The global seafood industry faces serious risks to its long-term survival from climate change and changes in ocean pH
Humanity has a depressing track record of abusing the oceans and the species within. The prioritisation of short-term profit over sustainable management has resulted in fishing communities needlessly putting themselves out of business – look no further than the collapse of the northern cod fishery off Newfoundland in the early 1990s.
The good news is that some lessons have been learned from this. There are attempts to manage fisheries more sustainably.
The Marine Stewardship Council (MSC) was founded in 1997 in the wake of the northern cod fishery collapse. There have been some successes, such as the recovery of the New Zealand hoki fishery after stock-rebuilding plans were put in place in 2006.
The bad news, however, is that broader environmental developments threaten the gains made from more sustainable approaches.
The oceans are acidifying because of absorption of carbon dioxide emitted as a result of human activities. The United States government’s Ocean Carbon and Biogeochemistry Project (OCB) says that the acidity of the oceans has increased by an “unprecedented” 30% since pre-industrial times.
And a recent paper in Science magazine
paints a very gloomy picture about how a warming and acidifying ocean will reek havoc on sensitive and essential ecosystems.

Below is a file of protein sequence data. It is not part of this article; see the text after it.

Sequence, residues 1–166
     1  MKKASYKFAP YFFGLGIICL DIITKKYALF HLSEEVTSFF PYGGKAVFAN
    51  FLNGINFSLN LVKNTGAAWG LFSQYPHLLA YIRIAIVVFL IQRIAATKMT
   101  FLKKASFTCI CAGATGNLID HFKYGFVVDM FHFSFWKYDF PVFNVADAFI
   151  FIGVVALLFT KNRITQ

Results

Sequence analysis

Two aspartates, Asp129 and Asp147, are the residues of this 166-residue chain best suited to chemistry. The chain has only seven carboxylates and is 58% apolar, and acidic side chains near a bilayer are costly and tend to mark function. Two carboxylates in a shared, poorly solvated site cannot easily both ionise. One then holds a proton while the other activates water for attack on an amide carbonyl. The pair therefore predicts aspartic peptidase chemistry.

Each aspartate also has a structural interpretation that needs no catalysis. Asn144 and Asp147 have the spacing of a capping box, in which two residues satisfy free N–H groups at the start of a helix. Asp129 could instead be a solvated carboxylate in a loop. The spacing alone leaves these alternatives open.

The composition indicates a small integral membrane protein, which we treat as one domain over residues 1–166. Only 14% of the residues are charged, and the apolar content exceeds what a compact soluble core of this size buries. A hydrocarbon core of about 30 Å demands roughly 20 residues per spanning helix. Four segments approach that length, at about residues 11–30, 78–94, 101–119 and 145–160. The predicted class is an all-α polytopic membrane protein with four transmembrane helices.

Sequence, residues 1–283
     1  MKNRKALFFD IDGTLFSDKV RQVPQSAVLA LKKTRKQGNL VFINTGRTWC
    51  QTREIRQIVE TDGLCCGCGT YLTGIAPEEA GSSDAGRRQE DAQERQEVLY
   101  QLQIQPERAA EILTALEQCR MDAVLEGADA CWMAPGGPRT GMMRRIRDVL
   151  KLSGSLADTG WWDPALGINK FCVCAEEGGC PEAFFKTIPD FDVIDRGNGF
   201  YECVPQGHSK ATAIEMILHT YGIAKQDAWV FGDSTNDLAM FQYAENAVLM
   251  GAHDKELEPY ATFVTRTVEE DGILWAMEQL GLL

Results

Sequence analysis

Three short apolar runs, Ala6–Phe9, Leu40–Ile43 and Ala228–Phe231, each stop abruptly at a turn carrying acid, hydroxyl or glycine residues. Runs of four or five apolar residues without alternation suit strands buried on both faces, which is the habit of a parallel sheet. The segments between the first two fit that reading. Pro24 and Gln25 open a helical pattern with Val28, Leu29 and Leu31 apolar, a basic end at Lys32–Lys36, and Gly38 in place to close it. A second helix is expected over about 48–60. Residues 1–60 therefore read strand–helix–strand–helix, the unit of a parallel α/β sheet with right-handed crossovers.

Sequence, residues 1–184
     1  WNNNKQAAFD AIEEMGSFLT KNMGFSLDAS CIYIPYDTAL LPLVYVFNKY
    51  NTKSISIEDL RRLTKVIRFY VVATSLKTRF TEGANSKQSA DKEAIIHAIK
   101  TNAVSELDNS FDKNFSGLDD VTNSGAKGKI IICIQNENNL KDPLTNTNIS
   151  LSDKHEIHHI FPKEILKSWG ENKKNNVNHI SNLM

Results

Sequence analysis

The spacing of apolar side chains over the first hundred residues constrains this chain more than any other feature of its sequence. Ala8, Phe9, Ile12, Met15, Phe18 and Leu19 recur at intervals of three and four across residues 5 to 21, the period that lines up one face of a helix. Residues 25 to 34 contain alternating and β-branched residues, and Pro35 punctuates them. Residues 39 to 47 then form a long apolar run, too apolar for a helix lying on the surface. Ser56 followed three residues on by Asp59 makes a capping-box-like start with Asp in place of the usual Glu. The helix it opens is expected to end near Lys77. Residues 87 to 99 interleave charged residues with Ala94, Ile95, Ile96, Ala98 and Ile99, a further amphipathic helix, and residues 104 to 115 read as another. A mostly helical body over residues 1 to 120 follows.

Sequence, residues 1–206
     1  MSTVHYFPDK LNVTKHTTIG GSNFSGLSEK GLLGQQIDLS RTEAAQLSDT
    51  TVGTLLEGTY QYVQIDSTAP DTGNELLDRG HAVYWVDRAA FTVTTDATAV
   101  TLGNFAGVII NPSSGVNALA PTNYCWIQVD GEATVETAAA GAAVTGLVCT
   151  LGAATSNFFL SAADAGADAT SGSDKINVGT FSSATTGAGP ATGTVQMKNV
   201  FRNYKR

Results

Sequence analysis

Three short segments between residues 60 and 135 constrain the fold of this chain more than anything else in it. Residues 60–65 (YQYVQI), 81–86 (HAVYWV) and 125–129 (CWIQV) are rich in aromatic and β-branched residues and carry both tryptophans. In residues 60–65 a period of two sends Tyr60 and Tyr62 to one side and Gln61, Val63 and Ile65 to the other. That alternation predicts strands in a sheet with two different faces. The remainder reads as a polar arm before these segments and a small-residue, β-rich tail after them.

This is highly problematic for many fisheries. Shell-forming creatures – including clams, oysters, mussels – are “very sensitive to changes in pH and carbonate chemistry”, the OCB says. High-acidity waters kill off the animals before they have a chance to develop.
Acidity also has effects on fish species. Exposure to high CO2 inhibits the growth of pink salmon, for example, according to one recent study in Nature magazine
Overall, the ecological and economic effects of acidification could be severe.
How can fisheries respond? To a certain extent, acidification can be offset by careful stewardship and by sustainable management plans. MSC certification, for example, requires fisheries to take climate change into account.
Examples of practical measures to cope with increasing acidification include the raising of young shellfish in hatchery tanks in which the water has the right pH, the use of certain marine plants that can absorb carbon dioxide and the limiting of run-off from agriculture or other activities that leads to organic carbon building up in water.
Such approaches can help to achieve some “local remediation” of high-acidity waters, according to Hawaii-based nonprofit Sustainable Fisheries Partnership, which is promoting a global ocean health programme
to secure seafood against acidification.
Shellfish growers in the US Pacific northwest put such measures into place to improve their prospects in the late 2000s when they began to experience rapid die-offs of newly-hatched oysters.
But such adaptation measures can only offset some of the damage from ocean acidification. By the year 2100, ocean acidity could double according to the OCB, with some areas – such as the west coast of North America and the oceans near the poles – particularly affected because of their particular ocean currents and characteristics.
Ocean acidification will only cease to be a threat if major mitigation measures are put in place to comprehensively limit greenhouse gas emissions. A broader emission reduction strategy for the next decade and a half will of course be discussed in Paris at the end of 2015.
Seafood companies and their customers will hope that the talks lead to a strong and credible agreement. Otherwise, the former will be out of business and the latter won’t have anything to go with their chips.